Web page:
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Analysis of and commentary on South African politics from a liberal perspective.

Tag: Outcomes

Appearance and reality: Liberal values in democratic South Africa


FEATURE: The Helen Suzman Foundation (www.hsf.org.za) has just produced edition 65 of its Journal, Focus. The edition is titled ‘On Liberty’ and devoted to exploring some of the challenges, both social and political, which have confronted South African liberalism. You can find a full copy of the edition here (PDF). Among of a range of pieces by the likes of Bobby Godsell, Charles Simkins, John Matisonn and Michael Cardo (I see Pallo Jordan even makes an appearance) is the piece I wrote, below, on liberal values and how they are often the subject of subtle negotiation, almost always to their detriment.

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An essay on mediocrity


SERIES: One from the archives. What follows below is a 2009 essay I wrote on the nature and effect of mediocrity on a society. How does what is set out in the essay apply to South Africa? Are we a society caught in its warm embrace? There can be little doubt that its influence is powerful, the question is: is it so well-entrenched its effect cannot be reversed? Perhaps if we understood it a little better, we would be better equipped to counter the pervasive way in which it seeps into public life.

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The eternal battle between outcomes and processes


ARTICLE: What is more important – an outcome or the process designed to achieve it? How you answer that question will say a lot about you. Those primarily concerned with outcomes are usually responsible for change and, with it, progress. Those overly concerned with processes usually stifle progress, unable as they are to understand its purpose in the first place (to generate an outcome) – or to adapt when it fails. South Africa today places far too much emphasis on process. Indeed, in politics we have a process for everything (a tribunal, a committee, a review, a commission, an investigation, etc) but when it comes to outcomes – and with that accoutability – well, they are far harder to find. So it is worth exploring the relationship between these two things, to try and better understand the role each plays.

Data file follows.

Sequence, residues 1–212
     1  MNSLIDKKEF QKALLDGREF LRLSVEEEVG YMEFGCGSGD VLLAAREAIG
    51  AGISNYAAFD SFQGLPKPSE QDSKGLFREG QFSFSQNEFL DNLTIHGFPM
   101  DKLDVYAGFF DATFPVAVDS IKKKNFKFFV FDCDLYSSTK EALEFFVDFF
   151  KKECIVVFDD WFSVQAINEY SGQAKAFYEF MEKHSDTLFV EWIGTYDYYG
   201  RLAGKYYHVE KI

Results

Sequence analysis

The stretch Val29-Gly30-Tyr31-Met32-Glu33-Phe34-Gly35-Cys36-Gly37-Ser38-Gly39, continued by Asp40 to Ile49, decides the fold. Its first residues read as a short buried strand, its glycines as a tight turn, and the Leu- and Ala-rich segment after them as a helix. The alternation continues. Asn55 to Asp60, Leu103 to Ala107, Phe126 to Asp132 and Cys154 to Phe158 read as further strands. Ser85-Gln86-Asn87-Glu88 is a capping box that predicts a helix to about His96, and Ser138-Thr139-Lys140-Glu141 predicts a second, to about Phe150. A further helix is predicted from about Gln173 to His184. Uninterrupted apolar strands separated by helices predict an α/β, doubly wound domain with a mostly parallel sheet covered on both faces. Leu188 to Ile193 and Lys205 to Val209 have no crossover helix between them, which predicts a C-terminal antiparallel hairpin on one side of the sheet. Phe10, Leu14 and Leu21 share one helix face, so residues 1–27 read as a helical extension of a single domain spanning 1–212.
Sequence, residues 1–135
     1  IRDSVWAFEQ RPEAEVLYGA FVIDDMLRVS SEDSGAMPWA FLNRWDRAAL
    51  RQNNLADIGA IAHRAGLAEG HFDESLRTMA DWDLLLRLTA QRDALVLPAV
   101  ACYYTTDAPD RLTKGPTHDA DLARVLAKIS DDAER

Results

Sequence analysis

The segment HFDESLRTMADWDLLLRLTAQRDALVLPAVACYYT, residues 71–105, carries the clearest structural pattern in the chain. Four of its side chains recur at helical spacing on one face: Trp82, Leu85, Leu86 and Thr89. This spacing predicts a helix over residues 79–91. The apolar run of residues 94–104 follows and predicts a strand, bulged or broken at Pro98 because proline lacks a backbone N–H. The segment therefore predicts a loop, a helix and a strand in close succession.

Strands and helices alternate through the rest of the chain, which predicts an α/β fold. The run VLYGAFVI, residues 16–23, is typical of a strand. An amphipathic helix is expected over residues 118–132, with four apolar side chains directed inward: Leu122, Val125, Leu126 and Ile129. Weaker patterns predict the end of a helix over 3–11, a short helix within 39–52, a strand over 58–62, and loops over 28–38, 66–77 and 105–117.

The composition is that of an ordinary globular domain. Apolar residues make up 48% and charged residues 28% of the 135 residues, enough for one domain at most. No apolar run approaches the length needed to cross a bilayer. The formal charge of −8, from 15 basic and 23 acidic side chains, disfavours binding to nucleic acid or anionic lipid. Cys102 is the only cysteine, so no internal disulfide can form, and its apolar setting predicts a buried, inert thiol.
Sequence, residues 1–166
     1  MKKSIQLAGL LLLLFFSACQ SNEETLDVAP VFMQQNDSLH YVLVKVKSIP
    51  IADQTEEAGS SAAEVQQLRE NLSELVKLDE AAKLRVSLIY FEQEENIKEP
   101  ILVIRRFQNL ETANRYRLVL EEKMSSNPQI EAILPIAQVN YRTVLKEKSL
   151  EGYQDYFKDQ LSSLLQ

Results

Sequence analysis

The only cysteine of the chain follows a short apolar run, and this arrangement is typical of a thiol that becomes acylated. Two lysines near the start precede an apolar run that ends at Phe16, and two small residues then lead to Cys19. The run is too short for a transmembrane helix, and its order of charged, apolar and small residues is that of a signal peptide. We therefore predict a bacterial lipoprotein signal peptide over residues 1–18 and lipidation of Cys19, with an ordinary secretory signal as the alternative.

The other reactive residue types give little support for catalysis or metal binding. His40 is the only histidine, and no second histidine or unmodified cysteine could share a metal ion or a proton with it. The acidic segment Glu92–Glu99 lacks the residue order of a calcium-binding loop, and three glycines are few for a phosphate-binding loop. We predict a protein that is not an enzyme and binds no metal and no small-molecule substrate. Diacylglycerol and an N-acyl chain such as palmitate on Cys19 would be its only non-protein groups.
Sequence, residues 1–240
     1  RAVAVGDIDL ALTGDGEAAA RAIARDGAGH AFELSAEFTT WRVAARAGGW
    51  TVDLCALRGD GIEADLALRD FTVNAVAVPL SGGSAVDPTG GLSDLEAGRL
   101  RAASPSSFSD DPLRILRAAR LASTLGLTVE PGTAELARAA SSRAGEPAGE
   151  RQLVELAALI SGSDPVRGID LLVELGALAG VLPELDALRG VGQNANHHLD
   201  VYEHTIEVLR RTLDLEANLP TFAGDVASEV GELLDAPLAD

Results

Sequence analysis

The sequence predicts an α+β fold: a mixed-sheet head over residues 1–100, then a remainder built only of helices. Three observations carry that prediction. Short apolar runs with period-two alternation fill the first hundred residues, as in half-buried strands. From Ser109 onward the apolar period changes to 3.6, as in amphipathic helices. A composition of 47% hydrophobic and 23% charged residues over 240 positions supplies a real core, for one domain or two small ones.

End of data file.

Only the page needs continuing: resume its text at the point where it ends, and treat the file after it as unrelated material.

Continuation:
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What would a society mired in mediocrity look like?


ARTICLE: Mediocrity is a devilish thing – pervasive and insidious and yet so ill-defined. It is relatively easy to understand what excellence is, much harder though to define its nemesis. What I have tried to do in the article below is describe what a society firmly in mediocrity’s grip might look like. It is a helpful exercise, if only because it makes it easier to understand the important role excellence plays and its general effect.

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